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Gordhan tells Minerals Council to abandon Charter court bid in favour of fresh talks


SOUTH Africa’s public enterprises minister, Pravin Gordhan, revealed an embarrassingly shallow understanding on Tuesday evening of the mining industry’s multi-year struggle for policy certainty.

Asked by a questioner after his speech at the pre-AGM dinner of the Minerals Council SA (MCSA) what president Cyril Ramaphosa’s government was doing to recover the billions of foreign investment lost under President Jacob Zuma’s administration, Gordhan said theinvestment summit was held last year as a first step to understanding investors’ concerns.

Pravin Gordhan, minister, Department of Public Enterprises

A major concern that had affected the mining industry was policy uncertainty, Gordhan admitted, but most of those uncertainties had now been cleared up by Mineral Resources minister Gwede Mantashe. “A few issues are going to court but I would recommend that you should rather sit around a table and come to an agreement,” Gordhan said.

Late in March, the MCSA filed an application for a judicial review of Mining Charter III after more than six months of attempting to explain to minister Mantashe why various provisions, in particular increased black ownership requirements for renewals and transfers of mining rights, will not encourage investment into South Africa’s mining sector. Before Mining Charter III, the MCSA spent more than two years trying to discuss with Mantashe’s predecessor, Mosebenzi Zwane, an even more problematic version of the charter.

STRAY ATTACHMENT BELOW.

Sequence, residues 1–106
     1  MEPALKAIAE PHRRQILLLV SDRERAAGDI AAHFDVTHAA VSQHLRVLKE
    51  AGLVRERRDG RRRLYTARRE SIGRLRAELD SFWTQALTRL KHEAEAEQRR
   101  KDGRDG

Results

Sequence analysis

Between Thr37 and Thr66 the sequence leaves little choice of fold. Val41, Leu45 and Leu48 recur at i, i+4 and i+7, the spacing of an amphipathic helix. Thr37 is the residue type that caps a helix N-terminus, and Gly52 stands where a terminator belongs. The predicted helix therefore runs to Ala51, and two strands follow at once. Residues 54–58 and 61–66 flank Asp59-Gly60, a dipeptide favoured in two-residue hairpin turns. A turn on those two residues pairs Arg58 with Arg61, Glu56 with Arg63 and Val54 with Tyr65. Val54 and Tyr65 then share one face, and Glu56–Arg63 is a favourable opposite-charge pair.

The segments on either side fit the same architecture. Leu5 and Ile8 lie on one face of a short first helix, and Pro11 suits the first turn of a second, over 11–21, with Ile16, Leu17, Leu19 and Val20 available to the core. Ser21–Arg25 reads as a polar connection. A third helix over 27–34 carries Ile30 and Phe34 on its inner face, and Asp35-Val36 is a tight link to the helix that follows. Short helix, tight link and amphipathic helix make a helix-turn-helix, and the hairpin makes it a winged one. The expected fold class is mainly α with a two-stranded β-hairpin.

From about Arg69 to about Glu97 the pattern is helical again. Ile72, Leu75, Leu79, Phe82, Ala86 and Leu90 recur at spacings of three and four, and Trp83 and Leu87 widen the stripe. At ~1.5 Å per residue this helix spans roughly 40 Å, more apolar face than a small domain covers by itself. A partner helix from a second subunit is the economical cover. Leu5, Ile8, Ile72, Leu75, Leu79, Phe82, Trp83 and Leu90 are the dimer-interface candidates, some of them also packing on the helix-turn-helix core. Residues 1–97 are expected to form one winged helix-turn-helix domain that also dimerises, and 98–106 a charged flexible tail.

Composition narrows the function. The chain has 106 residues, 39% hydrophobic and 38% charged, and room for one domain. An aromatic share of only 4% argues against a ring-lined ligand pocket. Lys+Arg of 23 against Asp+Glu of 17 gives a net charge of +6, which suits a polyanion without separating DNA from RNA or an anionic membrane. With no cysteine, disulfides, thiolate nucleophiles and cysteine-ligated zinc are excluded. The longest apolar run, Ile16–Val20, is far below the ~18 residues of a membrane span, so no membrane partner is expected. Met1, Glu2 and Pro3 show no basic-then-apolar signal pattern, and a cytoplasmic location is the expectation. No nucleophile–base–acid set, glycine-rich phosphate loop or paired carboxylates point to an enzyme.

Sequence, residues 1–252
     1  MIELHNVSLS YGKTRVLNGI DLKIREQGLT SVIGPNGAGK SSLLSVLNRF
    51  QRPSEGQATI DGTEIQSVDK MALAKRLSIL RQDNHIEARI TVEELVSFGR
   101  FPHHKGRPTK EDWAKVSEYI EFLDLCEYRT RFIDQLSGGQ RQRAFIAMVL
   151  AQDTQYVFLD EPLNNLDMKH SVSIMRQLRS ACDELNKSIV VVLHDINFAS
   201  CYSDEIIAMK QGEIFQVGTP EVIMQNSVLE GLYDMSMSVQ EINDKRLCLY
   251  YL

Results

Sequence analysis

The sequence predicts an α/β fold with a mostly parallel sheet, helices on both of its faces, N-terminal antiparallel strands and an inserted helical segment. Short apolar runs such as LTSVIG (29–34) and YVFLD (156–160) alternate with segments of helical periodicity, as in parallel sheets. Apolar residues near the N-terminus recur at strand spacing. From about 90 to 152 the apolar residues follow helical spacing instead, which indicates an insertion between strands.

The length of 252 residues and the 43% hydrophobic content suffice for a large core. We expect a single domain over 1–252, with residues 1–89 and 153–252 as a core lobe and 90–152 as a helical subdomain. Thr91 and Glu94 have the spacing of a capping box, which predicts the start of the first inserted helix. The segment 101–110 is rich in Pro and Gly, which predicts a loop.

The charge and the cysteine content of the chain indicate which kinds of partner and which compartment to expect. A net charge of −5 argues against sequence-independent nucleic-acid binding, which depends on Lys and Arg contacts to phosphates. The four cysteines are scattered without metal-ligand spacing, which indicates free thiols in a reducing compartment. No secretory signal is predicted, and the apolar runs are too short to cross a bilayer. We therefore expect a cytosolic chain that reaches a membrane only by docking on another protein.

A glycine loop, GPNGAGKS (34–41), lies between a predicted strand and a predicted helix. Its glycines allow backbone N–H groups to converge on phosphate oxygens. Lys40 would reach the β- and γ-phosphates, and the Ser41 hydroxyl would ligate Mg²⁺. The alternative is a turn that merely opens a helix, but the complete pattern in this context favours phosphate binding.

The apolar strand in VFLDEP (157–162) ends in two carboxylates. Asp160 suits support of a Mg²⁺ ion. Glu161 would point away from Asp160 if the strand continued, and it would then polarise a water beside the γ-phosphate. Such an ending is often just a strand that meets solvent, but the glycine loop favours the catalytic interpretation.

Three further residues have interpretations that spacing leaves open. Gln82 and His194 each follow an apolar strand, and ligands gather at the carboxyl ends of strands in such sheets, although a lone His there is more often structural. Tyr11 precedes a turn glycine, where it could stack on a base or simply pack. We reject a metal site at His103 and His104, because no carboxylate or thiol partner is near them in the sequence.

Gordhan, who has been spearheading efforts to rescue power utility Eskom from years of mismanagement, which has resulted in spiralling debt and renewed bouts of loadshedding earlier this year, thanked the minerals industry for seconding two executives, Ian Morrison and Dr Tsakani Mthombeni, free of charge, to investigate problems at the power utility and make recommendations.

Their report would be handed to president Ramaphosa this week and then to Eskom’s board. “It will make a huge difference as we move into the next administration, as renewed efforts get off the ground.”

Apart from separating Eskom into three entities – generation, transmission and distribution – which would be discussed with all stakeholders, Ramaphosa’s administration would have to deal with other issues affecting Eskom, Gordhan said.

The immediate preoccupations would be how the Integrated Resource Plan (IRP) will guide the electricity sector and whether enough was being done to switch coal from road to rail.

“There is still too much coal on the roads. We now have a fresh Transnet board that is willing to listen and respond,” he said.

“There are also challenges for the industry to provide the amount of coal that Eskom needs at the right quality. The right quality needs to be ordered and delivered and there are some miscreants who are still not doing that.

“Our coal exports can be to the detriment of Eskom supply, and that affects the price that Eskom pays. We should be concerned about this, but in a constructive way,” Gordhan said.

Asked about the prospects of more loadshedding, Gordhan said if some of the recommended measures to address problems at Eskom were put in place, it may not even be necessary to have the maximum of 26 days



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